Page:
Redistricting has a substantial influence on parties' electoral fortunes, so the process
receives extremely close attention from those potentially affected by changes to the pattern of constituency boundaries. In the United Kingdom, redistricting recommendations are made by independent Boundary Commissions, but the political parties can influence the nature of those recommendations through the representations that they make during the consultative process. When a Commission has made provisional recommendations for a county (in England and Wales), region (in Scotland) or London borough,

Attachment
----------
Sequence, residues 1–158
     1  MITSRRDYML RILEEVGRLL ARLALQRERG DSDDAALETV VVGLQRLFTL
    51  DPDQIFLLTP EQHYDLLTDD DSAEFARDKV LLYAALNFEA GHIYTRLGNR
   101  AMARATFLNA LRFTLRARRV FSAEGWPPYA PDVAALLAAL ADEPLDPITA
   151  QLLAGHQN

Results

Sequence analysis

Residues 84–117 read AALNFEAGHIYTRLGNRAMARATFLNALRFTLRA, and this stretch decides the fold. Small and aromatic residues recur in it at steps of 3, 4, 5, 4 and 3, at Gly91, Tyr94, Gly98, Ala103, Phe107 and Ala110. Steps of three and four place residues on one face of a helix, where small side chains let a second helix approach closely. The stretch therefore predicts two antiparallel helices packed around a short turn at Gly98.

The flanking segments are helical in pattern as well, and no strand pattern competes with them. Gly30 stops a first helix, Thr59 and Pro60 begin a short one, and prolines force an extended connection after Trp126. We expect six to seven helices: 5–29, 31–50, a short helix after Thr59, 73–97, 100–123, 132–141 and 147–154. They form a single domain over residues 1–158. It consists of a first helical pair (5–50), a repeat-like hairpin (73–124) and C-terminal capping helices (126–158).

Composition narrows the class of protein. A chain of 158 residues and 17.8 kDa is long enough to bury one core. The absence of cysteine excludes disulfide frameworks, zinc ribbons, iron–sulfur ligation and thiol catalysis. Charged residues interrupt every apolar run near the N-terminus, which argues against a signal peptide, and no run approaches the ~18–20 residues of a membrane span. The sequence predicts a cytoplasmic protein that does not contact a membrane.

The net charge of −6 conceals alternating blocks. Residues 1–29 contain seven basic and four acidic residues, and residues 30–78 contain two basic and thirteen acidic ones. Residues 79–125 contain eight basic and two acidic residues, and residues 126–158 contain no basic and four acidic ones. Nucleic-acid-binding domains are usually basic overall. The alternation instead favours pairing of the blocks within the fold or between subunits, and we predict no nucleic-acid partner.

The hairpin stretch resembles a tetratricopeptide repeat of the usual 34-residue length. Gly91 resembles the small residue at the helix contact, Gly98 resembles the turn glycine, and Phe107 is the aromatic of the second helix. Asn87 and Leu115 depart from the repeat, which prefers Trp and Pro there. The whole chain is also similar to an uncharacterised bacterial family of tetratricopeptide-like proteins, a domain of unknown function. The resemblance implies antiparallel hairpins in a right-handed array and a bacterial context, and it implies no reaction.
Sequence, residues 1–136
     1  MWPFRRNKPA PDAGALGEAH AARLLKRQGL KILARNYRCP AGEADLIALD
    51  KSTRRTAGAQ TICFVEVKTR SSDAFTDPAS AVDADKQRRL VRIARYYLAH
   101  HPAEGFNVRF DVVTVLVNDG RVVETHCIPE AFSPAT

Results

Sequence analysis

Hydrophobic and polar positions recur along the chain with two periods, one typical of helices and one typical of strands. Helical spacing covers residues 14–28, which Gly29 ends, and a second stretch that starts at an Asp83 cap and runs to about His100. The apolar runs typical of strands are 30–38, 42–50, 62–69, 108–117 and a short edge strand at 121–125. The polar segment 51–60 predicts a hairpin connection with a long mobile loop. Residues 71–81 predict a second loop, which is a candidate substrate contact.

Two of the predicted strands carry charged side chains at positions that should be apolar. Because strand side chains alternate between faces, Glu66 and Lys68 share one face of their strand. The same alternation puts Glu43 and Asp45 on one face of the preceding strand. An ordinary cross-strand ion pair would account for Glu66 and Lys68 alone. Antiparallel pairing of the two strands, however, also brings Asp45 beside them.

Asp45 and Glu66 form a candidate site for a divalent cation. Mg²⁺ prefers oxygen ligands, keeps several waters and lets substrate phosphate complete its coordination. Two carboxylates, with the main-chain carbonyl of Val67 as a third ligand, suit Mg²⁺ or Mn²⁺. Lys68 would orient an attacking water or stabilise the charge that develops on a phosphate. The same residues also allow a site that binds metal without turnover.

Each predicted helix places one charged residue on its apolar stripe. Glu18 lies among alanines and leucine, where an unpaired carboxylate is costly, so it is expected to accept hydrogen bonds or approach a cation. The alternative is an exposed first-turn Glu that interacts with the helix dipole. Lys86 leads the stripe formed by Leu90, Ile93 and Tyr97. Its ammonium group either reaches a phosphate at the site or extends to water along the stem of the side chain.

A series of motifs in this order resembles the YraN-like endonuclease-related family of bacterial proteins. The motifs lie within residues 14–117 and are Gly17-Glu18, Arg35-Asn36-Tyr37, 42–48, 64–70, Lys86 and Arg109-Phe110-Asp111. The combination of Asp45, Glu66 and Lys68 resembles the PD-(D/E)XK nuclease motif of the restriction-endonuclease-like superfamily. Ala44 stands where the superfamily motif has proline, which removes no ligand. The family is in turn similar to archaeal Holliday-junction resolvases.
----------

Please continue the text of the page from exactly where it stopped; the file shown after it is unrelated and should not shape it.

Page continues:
individuals and organizations have one month in which to make written representations, either favourable or unfavourable, regarding all or part of the recommendations, and they can suggest alternative sets of constituencies for the area concerned. The Commission may then hold a public inquiry, at which the interested parties can promote their views and contest those put forward by others. The assistant commissioner who conducts the inquiry reports to the commission, which may publish alterations to the provisional recommendations as a result of his/her advice. If their suggestions are adopted by the Commission for its final recommendations, then those promoting them at the public inquiry will have influenced the redistricting outcome.
For detailed discussions of the work of the Boundary Commissions, see D. Butler, ‘The Redrawing of Parliamentary Boundaries in Britain’, Journal of Behavioural and Social Sciences, 37 (1992), 5–12; I. McLean and
R. Mortimore, lsquo;Apportionment and the Boundary Commission for England’, Electoral Studies, 11 (1992), 293–309.